Kenya plans to double the digital service tax (DST) to 3% beginning July this year, as the government taps the growing online economy to increase its domestic revenues and narrow fiscal deficit.
It is expected that the new rates, proposed in the Finance Bill by the country’s Treasury department, will be passed by the lawmakers. The increase comes slightly over a year after the DST came into effect in Kenya, affecting tech companies such as Amazon, Uber, Spotify and Netflix.
“The Third Schedule to the Income Tax Act is amended … by deleting the expression ‘one-point-five percent’ appearing in paragraph 12 (digital service tax rate) and substituting therefore the expression ‘three percent,’” Kenya’s Treasury cabinet secretary Ukur Yatani wrote in the Finance Bill 2022.
The DST is a tax on gross transaction values of tech companies within a particular country. In Kenya, East Africa’s biggest economy, companies or individuals (non-residents) are obliged to pay it if they “provide or facilitate provision of a service to a user who is located in Kenya.”
The taxable services, as per the country’s revenue authority, include over-the-top services like video streaming and podcasts, subscription-based media including news, digital marketplaces and downloadable digital content like e-books and films.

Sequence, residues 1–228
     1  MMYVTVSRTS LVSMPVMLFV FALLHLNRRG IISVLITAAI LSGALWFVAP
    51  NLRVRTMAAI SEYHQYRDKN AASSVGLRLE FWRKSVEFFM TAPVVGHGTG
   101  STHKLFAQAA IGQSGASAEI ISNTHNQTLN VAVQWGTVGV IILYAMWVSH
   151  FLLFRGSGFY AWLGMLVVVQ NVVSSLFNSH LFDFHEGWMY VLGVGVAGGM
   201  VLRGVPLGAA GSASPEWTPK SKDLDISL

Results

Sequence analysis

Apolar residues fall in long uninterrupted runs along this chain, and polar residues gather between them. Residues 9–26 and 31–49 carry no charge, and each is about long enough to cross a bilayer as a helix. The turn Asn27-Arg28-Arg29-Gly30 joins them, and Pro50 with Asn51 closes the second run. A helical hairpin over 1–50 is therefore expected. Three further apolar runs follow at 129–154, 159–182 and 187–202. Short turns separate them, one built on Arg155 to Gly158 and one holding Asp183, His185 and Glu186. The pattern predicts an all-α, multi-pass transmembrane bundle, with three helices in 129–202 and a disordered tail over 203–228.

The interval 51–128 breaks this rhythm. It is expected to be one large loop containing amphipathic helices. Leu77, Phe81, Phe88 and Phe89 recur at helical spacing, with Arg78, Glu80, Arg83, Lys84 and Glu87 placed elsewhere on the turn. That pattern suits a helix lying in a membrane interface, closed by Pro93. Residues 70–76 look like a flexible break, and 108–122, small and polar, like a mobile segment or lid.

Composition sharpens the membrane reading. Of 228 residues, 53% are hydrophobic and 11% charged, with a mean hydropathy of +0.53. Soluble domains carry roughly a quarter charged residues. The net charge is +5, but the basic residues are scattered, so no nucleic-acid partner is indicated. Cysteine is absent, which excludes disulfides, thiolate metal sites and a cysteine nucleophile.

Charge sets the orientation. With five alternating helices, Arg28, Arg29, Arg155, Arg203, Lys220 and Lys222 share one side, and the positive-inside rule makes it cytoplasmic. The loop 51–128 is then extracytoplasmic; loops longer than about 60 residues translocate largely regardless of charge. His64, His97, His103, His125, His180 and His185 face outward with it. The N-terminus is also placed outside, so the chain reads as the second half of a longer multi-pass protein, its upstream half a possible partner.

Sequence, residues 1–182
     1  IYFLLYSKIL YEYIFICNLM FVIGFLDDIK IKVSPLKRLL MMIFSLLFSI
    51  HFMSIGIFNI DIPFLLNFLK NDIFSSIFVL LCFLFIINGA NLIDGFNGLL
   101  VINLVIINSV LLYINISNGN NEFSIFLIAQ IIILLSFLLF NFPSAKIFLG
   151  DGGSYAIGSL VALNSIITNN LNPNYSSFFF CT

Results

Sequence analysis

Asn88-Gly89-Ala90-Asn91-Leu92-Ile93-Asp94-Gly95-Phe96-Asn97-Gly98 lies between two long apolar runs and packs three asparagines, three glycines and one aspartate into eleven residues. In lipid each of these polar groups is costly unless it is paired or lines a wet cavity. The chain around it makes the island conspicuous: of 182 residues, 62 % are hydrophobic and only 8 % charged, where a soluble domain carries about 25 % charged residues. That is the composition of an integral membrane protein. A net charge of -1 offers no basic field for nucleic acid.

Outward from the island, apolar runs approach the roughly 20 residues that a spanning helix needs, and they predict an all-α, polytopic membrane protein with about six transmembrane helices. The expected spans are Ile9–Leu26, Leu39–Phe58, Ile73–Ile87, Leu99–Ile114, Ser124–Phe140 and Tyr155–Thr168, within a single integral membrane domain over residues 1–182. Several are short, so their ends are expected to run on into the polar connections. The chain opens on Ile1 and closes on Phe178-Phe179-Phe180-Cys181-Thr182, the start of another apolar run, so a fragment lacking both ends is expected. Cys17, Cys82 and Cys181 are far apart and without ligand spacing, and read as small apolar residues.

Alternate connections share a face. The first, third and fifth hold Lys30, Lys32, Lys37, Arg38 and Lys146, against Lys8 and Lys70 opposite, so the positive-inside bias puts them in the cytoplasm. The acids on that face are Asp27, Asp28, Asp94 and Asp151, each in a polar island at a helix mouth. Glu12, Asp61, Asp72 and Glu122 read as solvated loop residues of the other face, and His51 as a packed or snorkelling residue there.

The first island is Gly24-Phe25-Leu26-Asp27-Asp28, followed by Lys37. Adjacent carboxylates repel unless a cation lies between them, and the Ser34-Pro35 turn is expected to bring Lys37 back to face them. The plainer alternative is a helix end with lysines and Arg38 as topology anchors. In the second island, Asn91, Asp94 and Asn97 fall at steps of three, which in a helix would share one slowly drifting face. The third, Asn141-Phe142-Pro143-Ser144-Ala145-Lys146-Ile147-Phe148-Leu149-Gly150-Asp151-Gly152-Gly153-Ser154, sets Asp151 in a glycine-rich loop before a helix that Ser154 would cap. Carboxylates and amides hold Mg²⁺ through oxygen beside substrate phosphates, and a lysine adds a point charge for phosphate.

Others include electronic data management services, electronic ticket booking, online distance learning and the sale, and licensing or monetization of any data collected about Kenyan users generated from places like digital marketplaces. Overseas companies without offices in Kenya are required to register electronically or appoint a tax representative in the country to file the returns and make payments.
The uptake of DSTs was said to have been accelerated by the COVid pandemic and efforts by the Paris-based Organization of Economic Co-operation and Development (OECD) to ensure that countries increased taxing rights over the revenues of multinationals with operations in their countries.
In a tax deal brokered last year, out of the 140 OECD members, only four — including Kenya (which had already implemented DST) and Nigeria — abstained from an agreement that set a 15% minimum corporate tax rate for multinational enterprises.
OECD said that the move will ensure that these multinationals pay a fair share of taxes in countries where they have operations.